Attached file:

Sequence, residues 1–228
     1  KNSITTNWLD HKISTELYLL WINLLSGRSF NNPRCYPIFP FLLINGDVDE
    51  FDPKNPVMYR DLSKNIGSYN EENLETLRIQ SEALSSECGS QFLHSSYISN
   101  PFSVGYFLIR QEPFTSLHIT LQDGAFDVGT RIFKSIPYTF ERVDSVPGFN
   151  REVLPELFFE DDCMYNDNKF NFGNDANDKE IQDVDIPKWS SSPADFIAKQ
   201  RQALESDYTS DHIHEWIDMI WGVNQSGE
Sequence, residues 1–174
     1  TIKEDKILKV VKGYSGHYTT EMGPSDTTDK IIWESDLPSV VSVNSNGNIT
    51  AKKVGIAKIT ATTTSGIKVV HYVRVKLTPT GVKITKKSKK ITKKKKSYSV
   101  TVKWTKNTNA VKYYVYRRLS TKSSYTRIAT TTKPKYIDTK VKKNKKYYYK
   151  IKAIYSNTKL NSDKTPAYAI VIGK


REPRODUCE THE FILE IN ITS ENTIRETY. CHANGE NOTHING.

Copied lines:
Sequence, residues 1–228
     1  KNSITTNWLD HKISTELYLL WINLLSGRSF NNPRCYPIFP FLLINGDVDE
    51  FDPKNPVMYR DLSKNIGSYN EENLETLRIQ SEALSSECGS QFLHSSYISN
   101  PFSVGYFLIR QEPFTSLHIT LQDGAFDVGT RIFKSIPYTF ERVDSVPGFN
   151  REVLPELFFE DDCMYNDNKF NFGNDANDKE IQDVDIPKWS SSPADFIAKQ
   201  RQALESDYTS DHIHEWIDMI WGVNQSGE
Sequence, residues 1–174
     1  TIKEDKILKV VKGYSGHYTT EMGPSDTTDK IIWESDLPSV VSVNSNGNIT
    51  AKKVGIAKIT ATTTSGIKVV HYVRVKLTPT GVKITKKSKK ITKKKKSYSV
   101  TVKWTKNTNA VKYYVYRRLS TKSSYTRIAT TTKPKYIDTK VKKNKKYYYK
   151  IKAIYSNTKL NSDKTPAYAI VIGK